Basics of Septic System Maintenance

Good solid maintenance, along with reasonable moderate use, and common sense are of major importance to manage and maintain most septic systems. While your septic system won’t last forever, you can prolong its life by conserving water and having your septic tank(s) routinely cleaned.

Pump your septic tank regularly. The frequency of pumping the tank or tanks is based on how many people live in the house, usage, capacity and age for each specific system. Generally, do not allow more than 2 years for a family of 4 to go by without pumping the tank to keep the accumulation of solids and sludge to a minimum, preventing them from flowing to the absorption area. If the tank is not pumped routinely, the system will fail due to the increased percentage of solids and scum that have clogged the soil.

Always pump the tank through the large central manhole, not the baffle ports. This minimizes the risk of harm to the baffles and maximizes the ability to properly clean the solids from the tank. Baffles should be checked at this time and if they are missing or damaged they should be replaced as soon as possible. An extension, or riser, can be installed on the manhole to make it more accessible for pumping. State regulations require that the manhole cover be no deeper than 12 inches below grade.

Do not pour grease, fats, or oils from cooking down the drain and do not use the sinks to dispose of food scraps, eggshells or coffee grounds. Grease can cause serious and costly problems for your septic system. Garbage disposals are usually not recommended for septic systems due to the potential for significant additional solids, fats, greases and oils being added to the system. When disposals are present use them minimally. DO NOT dispose of petroleum related products, paints of any type, cigarette butts, cat litter and feminine products of any type down the drains. A septic tank is not a trashcan. NEVER put harmful products or objects into your system ~ read product labels carefully to make sure they are safe for your septic system. Chlorine and bleach products should be used sparingly.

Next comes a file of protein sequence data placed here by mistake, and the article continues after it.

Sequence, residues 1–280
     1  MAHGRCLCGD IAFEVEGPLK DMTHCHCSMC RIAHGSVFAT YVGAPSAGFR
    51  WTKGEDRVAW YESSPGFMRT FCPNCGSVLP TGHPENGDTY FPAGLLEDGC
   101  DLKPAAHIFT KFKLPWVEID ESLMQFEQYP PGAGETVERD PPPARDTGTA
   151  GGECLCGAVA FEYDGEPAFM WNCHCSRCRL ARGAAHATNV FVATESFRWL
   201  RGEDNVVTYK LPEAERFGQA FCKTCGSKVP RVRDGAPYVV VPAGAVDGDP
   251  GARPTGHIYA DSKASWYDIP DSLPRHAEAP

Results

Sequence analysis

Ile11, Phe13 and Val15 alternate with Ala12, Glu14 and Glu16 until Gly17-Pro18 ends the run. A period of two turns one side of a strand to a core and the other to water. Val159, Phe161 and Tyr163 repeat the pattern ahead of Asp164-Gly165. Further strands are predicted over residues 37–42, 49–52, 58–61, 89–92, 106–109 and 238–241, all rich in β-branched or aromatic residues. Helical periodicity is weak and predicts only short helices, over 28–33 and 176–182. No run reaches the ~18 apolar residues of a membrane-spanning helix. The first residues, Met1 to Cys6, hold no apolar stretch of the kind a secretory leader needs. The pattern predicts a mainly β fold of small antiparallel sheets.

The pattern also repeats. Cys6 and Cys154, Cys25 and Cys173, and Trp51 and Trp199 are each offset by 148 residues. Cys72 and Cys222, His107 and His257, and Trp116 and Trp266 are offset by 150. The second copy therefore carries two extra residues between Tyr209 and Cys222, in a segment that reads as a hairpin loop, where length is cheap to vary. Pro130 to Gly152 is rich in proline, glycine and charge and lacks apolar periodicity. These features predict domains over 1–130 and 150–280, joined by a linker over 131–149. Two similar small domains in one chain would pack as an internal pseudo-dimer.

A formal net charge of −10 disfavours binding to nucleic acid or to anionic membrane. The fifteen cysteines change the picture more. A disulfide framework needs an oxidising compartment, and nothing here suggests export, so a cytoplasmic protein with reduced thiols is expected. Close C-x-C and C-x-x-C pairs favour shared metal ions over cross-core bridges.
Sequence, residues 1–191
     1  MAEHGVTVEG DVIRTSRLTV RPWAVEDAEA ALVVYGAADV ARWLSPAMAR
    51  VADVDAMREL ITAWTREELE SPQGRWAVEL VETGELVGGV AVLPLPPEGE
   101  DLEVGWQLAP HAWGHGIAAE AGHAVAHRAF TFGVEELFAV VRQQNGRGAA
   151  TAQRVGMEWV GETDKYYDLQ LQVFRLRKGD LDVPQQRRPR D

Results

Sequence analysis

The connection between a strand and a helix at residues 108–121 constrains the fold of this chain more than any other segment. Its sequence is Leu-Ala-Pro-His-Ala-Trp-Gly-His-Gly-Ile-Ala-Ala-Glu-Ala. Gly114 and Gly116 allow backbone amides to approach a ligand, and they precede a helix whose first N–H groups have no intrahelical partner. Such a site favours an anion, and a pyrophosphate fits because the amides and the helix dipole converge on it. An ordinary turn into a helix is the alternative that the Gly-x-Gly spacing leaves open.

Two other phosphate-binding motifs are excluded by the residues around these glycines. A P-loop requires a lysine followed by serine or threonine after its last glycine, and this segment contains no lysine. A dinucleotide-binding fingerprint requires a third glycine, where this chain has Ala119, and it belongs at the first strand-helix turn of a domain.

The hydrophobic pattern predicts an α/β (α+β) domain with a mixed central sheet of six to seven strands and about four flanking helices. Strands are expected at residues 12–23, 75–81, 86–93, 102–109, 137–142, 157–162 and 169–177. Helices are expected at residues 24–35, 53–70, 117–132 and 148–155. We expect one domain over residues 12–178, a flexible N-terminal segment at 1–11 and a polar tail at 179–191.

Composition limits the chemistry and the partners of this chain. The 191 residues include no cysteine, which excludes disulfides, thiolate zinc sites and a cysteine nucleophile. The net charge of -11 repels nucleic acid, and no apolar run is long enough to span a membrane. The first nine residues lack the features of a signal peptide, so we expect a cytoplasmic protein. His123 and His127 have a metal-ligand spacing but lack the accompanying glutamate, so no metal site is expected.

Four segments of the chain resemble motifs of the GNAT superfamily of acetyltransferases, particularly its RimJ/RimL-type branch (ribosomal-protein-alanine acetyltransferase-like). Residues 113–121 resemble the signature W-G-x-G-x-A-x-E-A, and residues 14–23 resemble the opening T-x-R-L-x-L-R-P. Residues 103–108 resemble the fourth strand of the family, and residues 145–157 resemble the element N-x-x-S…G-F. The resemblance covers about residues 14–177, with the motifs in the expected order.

Monitor your water consumption. Even if your tank(s) are properly cleaned routinely, you can still cause failure by hydraulically overloading it by using more water than your system was designed to handle or can handle. A septic system is designed, when it is installed, to handle a certain daily water usage based on the number of occupants proposed to be living in the home. Think water conservation! Average water usage: shower: 2.5 gallons per minute, toilet: 2 gallons per flush (for toilets bought in the last 20 years), washing machine: 40 gallons per load, dishwasher: 10 gallons. Front loading washers use 1/3 less water than top loading units. Large flows such as laundry should be spaced out across the week (no more than 2 loads per day is recommended), rather than running 5 or 6 loads on a single day. Only use the clothes washer and dishwasher when you have a full load. Always promptly repair leaky fixtures, faucets and toilets. A running toilet can add as much as 200 gallons per day of flows to a septic system. Water treatment equipment / softeners should also be kept in check to minimize the number of backwash cycles per week to the least necessary to sufficiently treat the water conditions. Large whirlpool tubs should also be used with moderation since some tubs can hold close to the equivalent of an entire family's daily flow.

Chemical or biological additives are not a substitute for regular pumping. They are not needed to improve or assist tank operation. Additive producers claim these products eliminate the need for pumping. It is our experience that these products cause harm to systems by breaking up the solids and sludge, allowing a greater percent of suspended solids to flow to the absorption area clogging the soil and lateral pipes.

Always keep your drain field free of trees, roots, plantings, storm and surface water as well any other things that may obstruct and damage the area. Do not construct patios, walkways, and such over your septic system. Never drive heavy equipment or vehicles over your drain field.

Septic System Information